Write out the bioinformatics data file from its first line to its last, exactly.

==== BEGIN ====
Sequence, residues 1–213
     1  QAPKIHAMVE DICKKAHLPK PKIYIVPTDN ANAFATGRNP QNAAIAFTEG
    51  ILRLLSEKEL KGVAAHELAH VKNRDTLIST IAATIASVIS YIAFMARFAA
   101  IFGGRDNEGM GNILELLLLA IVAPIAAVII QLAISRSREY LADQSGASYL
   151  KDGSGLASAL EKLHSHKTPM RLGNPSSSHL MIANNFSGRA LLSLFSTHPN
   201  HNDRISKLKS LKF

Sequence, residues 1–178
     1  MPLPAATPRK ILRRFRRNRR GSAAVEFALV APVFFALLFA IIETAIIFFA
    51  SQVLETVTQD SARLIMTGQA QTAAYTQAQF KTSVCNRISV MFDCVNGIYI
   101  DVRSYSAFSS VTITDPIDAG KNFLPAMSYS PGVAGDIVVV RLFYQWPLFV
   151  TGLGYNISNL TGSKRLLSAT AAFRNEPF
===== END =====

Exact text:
Sequence, residues 1–213
     1  QAPKIHAMVE DICKKAHLPK PKIYIVPTDN ANAFATGRNP QNAAIAFTEG
    51  ILRLLSEKEL KGVAAHELAH VKNRDTLIST IAATIASVIS YIAFMARFAA
   101  IFGGRDNEGM GNILELLLLA IVAPIAAVII QLAISRSREY LADQSGASYL
   151  KDGSGLASAL EKLHSHKTPM RLGNPSSSHL MIANNFSGRA LLSLFSTHPN
   201  HNDRISKLKS LKF

Sequence, residues 1–178
     1  MPLPAATPRK ILRRFRRNRR GSAAVEFALV APVFFALLFA IIETAIIFFA
    51  SQVLETVTQD SARLIMTGQA QTAAYTQAQF KTSVCNRISV MFDCVNGIYI
   101  DVRSYSAFSS VTITDPIDAG KNFLPAMSYS PGVAGDIVVV RLFYQWPLFV
   151  TGLGYNISNL TGSKRLLSAT AAFRNEPF